This story is a perfect example.

To recap: Long ago and far away, in a Teacher Support Group, Abigail revealed something “dark” about herself. She confessed she can get sarcastic with students when she’s frustrated. This move — the move from generous teaching to frustration to sarcasm in the classroom — is a fascinating one. And Abigail is not the only teacher who makes it. Right? Not every teacher gets sarcastic when she’s frustrated with a student, but plenty do.

In a Teacher Support Group, this is a move I want to look into. I want to try to figure out what the move from generosity to frustration to sarcasm means about the teacher, her students, and the relationships governing this moment in the life of the classroom. I know from experience that looking into such “darkness” inevitably rewards us with insights that can change a teacher’s (and hence a student’s) life.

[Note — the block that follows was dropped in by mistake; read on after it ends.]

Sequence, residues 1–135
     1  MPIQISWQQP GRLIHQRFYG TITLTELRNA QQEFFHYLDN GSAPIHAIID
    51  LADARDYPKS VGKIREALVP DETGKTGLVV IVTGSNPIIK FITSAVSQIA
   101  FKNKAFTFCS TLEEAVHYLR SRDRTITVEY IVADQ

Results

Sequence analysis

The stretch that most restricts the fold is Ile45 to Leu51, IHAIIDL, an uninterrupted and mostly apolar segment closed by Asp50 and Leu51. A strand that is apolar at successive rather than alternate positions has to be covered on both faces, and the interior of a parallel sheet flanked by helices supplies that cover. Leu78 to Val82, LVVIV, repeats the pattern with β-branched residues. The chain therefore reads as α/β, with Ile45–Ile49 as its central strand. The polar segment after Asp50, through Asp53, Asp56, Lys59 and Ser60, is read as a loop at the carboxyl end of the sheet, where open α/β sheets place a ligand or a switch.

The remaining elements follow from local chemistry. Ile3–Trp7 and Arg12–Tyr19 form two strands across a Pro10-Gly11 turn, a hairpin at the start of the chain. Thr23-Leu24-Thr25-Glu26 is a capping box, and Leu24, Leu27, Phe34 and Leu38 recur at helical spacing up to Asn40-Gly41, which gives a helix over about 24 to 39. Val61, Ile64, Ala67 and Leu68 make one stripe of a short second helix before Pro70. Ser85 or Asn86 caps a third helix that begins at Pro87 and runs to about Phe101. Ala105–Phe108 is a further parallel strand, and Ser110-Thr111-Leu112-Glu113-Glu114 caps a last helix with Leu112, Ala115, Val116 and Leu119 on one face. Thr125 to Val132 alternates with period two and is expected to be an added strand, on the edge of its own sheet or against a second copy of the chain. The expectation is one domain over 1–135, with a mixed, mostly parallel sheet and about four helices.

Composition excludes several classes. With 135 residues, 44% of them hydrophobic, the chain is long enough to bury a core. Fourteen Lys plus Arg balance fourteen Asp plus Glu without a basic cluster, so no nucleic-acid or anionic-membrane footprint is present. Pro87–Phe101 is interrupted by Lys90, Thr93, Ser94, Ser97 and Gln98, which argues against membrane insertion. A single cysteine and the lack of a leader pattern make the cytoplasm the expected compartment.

But this support group did not want to look into Abigail’s darkness. They didn’t wonder about Abigail’s emotions. They didn’t ask about the relationship between frustration and sarcasm. They didn’t share similar experiences. What they did was offer advice. They told Abigail what she could do to force the students to talk. They focused on the desired pragmatic outcome — student compliance — and avoided the data within Abigail’s darkness.

Interestingly, they did everything they could to fill Abigail’s silence with ideas about how she could prevent her students‘ silence.